“Let’s say our mine becomes a showcase mine, which is what we want it to be; we want it to be badged a ‘smart mine’. I think that’s when you’ll see future mines taking on the same sort of technology; that’s what we want to demonstrate and prove that it’s doable.

TNG has already signed long-term off-take agreements for 60 per cent of its vanadium production to South Korean group Woojin for steel strengthening purposes, which vanadium’s most common use.

The metal’s role in vanadium redox battery storage is growing prominence, however, with some commercial examples already operating, using batteries in liquid filled tanks best suited for very large commercial and industrial facilities.

Mr Burton said TNG was now considering how to secure an off-take deal for its remaining proposed vanadium with battery producers, which could then supply the powerful batteries for TNG’s mine use.

He said by working with battery developers and EMC to reduce its energy costs, as well as licensing the company’s trademarked chemical extraction process to other vanadium, titanium and iron miners, TNG stood to benefit from these value-adding operations.

“For me, the only future for mining is to get smart and that means really lowering your operating costs and producing a much higher value product,” Mr Burton said.

“High value usually means high purity because that’s where the high tech industries are now. The more you can upgrade it yourself I think is the smart way to go.”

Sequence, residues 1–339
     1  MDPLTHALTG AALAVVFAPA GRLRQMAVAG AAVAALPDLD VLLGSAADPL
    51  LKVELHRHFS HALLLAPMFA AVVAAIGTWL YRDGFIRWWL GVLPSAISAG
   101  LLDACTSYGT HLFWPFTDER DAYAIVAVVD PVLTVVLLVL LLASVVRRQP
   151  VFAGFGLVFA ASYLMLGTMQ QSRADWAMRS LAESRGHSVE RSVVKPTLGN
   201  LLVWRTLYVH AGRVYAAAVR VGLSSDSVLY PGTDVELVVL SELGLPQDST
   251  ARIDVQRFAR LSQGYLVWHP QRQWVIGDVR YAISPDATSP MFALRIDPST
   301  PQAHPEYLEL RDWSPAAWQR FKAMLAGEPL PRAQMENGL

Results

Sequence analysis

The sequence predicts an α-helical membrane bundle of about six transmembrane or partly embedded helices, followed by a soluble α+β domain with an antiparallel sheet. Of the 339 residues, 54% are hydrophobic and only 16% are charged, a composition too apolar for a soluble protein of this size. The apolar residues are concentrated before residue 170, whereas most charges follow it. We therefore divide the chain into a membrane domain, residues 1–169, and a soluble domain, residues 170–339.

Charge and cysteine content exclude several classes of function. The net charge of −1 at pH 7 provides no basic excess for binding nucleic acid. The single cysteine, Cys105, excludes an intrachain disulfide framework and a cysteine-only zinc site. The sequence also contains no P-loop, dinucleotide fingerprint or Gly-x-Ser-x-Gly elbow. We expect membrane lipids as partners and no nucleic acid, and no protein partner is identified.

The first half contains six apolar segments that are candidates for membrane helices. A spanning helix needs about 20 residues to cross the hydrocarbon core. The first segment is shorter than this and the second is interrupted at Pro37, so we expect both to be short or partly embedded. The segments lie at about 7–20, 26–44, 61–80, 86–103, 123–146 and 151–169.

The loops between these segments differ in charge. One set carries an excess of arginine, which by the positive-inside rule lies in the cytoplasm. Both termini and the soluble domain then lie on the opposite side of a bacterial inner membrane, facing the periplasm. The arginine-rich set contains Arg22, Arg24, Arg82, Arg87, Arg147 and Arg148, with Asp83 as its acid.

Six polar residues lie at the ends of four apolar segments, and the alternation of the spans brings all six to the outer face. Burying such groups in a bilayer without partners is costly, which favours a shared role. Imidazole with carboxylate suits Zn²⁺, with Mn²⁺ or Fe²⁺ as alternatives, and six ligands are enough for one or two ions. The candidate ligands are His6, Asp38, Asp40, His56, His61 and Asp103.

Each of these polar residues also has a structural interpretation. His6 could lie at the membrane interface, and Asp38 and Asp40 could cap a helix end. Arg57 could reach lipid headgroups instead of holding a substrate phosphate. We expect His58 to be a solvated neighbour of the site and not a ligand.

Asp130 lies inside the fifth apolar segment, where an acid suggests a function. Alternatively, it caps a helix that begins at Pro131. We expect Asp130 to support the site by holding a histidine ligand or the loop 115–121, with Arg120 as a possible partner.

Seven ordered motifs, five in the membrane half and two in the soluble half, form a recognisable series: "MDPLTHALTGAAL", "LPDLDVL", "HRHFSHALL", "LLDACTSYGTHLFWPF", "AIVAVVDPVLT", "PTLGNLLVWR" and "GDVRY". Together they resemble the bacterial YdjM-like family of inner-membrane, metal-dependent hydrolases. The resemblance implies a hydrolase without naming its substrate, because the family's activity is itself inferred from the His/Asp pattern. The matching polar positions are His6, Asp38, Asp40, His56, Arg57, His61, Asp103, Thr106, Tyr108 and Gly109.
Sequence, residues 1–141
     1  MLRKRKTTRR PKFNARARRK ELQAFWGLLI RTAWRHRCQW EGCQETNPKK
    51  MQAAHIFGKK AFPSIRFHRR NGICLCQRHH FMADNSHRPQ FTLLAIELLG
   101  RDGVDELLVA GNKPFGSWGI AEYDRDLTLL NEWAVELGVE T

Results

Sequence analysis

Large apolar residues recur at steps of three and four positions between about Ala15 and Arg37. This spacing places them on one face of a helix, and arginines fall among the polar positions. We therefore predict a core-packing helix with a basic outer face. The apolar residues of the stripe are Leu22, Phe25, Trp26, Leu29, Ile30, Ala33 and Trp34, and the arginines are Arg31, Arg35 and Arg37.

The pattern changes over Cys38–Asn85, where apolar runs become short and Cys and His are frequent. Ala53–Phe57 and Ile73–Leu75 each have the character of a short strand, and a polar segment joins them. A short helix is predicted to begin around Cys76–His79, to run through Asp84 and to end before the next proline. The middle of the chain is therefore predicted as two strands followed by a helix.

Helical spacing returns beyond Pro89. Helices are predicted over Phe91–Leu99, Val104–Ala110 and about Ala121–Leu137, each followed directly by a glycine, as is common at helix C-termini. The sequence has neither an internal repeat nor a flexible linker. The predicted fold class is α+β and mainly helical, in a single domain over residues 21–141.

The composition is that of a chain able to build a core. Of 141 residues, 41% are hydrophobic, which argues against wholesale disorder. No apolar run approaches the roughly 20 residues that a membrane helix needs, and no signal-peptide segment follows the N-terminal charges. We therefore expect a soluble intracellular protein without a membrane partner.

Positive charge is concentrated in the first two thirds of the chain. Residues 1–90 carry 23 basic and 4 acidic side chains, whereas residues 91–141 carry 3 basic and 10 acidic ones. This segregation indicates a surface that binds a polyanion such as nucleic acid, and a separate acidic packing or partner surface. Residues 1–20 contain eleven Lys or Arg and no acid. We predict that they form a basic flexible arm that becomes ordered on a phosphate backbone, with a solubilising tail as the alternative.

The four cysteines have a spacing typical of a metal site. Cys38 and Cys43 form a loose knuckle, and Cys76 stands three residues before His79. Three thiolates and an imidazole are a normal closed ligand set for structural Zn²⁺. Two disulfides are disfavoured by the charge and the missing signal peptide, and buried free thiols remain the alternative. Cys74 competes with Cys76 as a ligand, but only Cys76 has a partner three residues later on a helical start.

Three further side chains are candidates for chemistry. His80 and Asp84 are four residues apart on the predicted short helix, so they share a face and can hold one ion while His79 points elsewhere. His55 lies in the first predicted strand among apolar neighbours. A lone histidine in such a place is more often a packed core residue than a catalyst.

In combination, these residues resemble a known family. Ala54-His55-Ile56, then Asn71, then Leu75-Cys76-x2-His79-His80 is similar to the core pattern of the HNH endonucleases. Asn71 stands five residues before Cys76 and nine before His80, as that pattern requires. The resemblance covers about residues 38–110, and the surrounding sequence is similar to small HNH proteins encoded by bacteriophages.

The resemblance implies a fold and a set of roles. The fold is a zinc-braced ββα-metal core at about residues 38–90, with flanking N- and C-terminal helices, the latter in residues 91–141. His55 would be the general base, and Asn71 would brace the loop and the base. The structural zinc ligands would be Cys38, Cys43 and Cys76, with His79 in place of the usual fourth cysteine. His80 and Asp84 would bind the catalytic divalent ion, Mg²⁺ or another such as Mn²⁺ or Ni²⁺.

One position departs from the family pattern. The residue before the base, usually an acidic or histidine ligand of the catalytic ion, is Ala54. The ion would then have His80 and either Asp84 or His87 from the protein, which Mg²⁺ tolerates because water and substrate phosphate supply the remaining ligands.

TNG is not the only hopeful vanadium miner with plans to utilise renewable energy and battery storage for its future operations.

Yellow Rock Resources has flagged similar plans as part of developing its Gabanintha mine near Meekatharra within the next three years.

It estimates the project, which will include a 10-megawatt power station – most likely to be largely renewable powered and use battery storage – to cost between $210 million and $265 million.

Chief executive Vincent Algar told Business News Yellow Rock Resources was interested in selling the majority of its product to the vanadium battery industry, rather than the steel industry, because he believed the potential for growth in the latter was more attractive.

“There is always going to be a steel market, however if you look at the vanadium battery impact on that market it’s quite significant,” he said.

“This is because the amount of vanadium in the battery is voluminous and you have to put a lot of it into the bigger batteries, which are the ones that are going to take their share of the market, particularly at the large-scale grid level.

“We like the growth pattern, we like the end use and the sheer size of the renewable energy market for vanadium batteries if storage becomes a central tenet of renewable energy generation, it’s very attractive, even relative to the existing vanadium market.”